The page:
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Al-Fayed sold Harrods to Qatar Holding

Discussion in 'International Forum' started by ngoshwe, May 8, 2010.

  1. ngoshwe

    ngoshwe JF-Expert Member

    May 8, 2010
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    Harrods sold to Qatar Holding for £1.5bn as Mohamed al-Fayed retires


    Sold...The Harrods store in Knightsbridge, London.
    Fayed invested £400m in Harrods, which was founded in 1840

    Harrods, the world famous department store, has been sold for more than £1.5bn to the Qatari royal family, Times Online can confirm.

    Mohamed al-Fayed, the Egyptian owner of the London landmark, will retire and hand over the reins to Qatar Holding – although he will stay on as honorary chairman.
    Qatar Holding was chosen because they would "maintain the traditions of Harrods", said Ken Costa, chairman of Lazard International - the investment bank advising the Fayed family trust on the deal.
    The Qatari prime minister Sheikh Hamad Bin Jassim Bin Jabr al-Thani, also the firm's chairman, promised to make the store "even greater and better".
    Given a short tour of the store by Fayed, the sheikh said he was "very happy with the transaction".

    "It's a historical place. I know it's important, not only for the British people but it is important for the tourism. What I can assure you is that Qatar Holding will do their best to upgrade this monument to make it even greater and better."
    He said the responsibility of owning "a very important monument" was a "heavy burden", and within three months the new owners would create a "road map" to make Harrods "more impressive".
    Asked if he had ever shopped at Harrods, he joked: "If the shop will have customers like me I don't think Harrods will make profit, but maybe if it's my wife, yes."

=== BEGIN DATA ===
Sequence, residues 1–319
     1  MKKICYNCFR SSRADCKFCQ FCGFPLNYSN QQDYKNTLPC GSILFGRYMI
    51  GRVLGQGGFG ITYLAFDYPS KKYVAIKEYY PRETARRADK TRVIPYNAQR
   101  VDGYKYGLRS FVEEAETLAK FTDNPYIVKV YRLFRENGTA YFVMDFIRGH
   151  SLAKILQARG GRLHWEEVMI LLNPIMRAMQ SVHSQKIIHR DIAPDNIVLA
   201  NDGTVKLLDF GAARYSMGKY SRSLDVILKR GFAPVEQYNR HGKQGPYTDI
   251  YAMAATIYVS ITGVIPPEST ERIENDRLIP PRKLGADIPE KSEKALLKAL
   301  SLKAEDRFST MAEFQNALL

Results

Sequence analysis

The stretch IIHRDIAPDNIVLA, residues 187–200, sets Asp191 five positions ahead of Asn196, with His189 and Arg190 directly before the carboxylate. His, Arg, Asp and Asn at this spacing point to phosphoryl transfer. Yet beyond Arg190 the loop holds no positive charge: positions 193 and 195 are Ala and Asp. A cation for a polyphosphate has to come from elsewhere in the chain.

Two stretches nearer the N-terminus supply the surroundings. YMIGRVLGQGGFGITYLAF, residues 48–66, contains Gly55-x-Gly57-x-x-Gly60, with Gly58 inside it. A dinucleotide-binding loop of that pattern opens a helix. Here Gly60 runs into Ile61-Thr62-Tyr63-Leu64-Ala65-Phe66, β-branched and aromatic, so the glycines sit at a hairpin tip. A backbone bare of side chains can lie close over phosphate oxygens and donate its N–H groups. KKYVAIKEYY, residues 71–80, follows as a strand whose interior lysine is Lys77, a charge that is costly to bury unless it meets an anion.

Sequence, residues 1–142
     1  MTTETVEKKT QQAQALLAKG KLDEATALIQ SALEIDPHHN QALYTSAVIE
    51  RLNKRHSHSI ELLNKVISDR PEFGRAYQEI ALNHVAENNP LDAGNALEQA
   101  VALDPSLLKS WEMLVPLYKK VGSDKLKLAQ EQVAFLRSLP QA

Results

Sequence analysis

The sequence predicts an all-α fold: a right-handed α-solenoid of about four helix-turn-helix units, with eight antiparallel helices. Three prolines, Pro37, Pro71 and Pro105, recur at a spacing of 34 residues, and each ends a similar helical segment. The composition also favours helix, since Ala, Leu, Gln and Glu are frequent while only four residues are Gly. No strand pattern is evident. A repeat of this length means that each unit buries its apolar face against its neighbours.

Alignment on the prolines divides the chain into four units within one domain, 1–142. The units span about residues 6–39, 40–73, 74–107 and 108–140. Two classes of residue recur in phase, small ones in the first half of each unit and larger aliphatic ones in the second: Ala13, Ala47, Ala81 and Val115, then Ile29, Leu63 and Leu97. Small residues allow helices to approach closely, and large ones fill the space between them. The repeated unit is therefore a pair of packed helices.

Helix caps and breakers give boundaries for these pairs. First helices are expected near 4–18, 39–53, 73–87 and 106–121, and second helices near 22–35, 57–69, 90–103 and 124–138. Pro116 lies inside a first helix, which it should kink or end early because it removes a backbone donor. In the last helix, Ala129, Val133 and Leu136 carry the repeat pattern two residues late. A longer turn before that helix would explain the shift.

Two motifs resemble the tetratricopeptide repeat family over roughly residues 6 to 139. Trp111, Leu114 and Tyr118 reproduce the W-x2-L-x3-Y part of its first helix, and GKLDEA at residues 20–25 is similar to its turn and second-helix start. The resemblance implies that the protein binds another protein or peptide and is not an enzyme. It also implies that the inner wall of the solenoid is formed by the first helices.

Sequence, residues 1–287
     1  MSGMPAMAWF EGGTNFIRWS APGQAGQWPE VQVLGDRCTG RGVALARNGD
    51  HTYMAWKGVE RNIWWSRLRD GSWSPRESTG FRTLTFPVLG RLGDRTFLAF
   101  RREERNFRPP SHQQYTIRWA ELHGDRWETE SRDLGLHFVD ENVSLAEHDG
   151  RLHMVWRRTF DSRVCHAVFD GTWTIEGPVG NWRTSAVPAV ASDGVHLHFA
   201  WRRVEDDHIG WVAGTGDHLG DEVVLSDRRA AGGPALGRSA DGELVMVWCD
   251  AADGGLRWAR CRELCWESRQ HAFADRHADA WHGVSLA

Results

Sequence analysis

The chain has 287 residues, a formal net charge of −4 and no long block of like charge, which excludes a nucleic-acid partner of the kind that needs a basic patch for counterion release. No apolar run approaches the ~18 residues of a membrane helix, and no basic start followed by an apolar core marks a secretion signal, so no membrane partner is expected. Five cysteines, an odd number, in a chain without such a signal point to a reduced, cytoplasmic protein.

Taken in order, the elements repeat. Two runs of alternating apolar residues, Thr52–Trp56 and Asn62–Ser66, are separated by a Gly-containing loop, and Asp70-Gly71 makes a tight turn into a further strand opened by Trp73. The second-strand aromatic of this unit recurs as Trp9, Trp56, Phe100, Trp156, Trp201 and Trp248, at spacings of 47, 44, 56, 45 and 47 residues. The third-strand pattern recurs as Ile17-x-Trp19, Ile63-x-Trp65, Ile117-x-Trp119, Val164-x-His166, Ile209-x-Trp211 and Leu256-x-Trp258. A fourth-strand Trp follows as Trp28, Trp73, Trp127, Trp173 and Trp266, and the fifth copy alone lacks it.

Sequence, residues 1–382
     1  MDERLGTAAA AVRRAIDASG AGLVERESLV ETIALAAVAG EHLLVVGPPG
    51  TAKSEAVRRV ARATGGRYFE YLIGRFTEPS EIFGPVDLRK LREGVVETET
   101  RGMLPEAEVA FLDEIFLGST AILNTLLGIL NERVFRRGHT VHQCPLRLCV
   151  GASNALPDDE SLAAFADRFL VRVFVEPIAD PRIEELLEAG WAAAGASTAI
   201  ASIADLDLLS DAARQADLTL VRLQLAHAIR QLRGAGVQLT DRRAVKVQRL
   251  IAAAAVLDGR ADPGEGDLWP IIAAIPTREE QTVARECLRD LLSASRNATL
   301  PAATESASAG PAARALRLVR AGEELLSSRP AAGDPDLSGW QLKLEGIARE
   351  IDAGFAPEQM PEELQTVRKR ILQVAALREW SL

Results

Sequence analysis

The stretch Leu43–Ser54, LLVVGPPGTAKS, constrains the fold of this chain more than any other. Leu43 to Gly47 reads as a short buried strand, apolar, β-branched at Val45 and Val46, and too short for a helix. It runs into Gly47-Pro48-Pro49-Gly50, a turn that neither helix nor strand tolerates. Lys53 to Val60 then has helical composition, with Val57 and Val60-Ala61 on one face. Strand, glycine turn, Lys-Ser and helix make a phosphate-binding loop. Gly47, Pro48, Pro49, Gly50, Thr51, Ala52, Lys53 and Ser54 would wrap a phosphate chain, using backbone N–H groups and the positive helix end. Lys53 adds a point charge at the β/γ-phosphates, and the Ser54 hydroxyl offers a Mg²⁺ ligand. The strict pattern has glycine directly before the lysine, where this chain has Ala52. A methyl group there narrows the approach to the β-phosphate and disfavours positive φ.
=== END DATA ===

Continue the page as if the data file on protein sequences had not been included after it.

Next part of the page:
Harrods attracted advances from Gulf-based suitors in the last two months, but Fayed initially offered them "two fingers" in a vehement refusal.
    "People approach us from Kuwait, Saudi Arabia, Qatar. Fair enough, but I put two fingers up to them all," Fayed said last month.
    "It is not for sale. This is not Marks & Spencer or Sainsbury. It is a special place that gives people pleasure. There is only one Mecca."
    But today it was confirmed that the owner of Fulham football club has changed his mind.
    "After 25 years as chairman of Harrods, Mohamed al-Fayed has decided to retire and to spend more time with his children and grandchildren," Costa said.
    Costa said the Fayed family trust agreed to sell because Qatar Holding had "both the vision and financial capacity" to support the long-term growth of Harrods.
    Fayed "wished to ensure that the legacy and traditions that he has built up in Harrods would be continued", he added.
    The Egyptian has invested around £400m in the Knightsbridge icon to restore it to its former glory, including £75m for an Egyptian-themed escalator flanked by sphinxes.
    Qatar Holding, which handles investments for the Middle Eastern state's royals, will become the fifth owner of Harrods since its creation in 1840.
    It already has a stake in Sainsbury's and in Songbird Estates, which owns most of Canary Wharf.
    The firm hailed the acquisition as "truly magnificent" and a "privilege". Vice-chairman Dr Hussain Ali Al-Abdulla said: "Such a rare opportunity does not arise every day."
    Retiring...Mohamed al Fayed in the store.

    Mr Fayed, a native of Egypt, joined his two brothers to buy Harrods in 1985.
    His son Dodi died with Princess Diana in a car crash in Paris in 1997, and in recent years Mr Fayed has devoted much time and money to pursuing his claims that that the couple were the victim of an establishment conspiracy.

  2. Kapinga

    Kapinga JF-Expert Member

    May 8, 2010
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    I think jama kauza coz conservatives wamechukua nchi!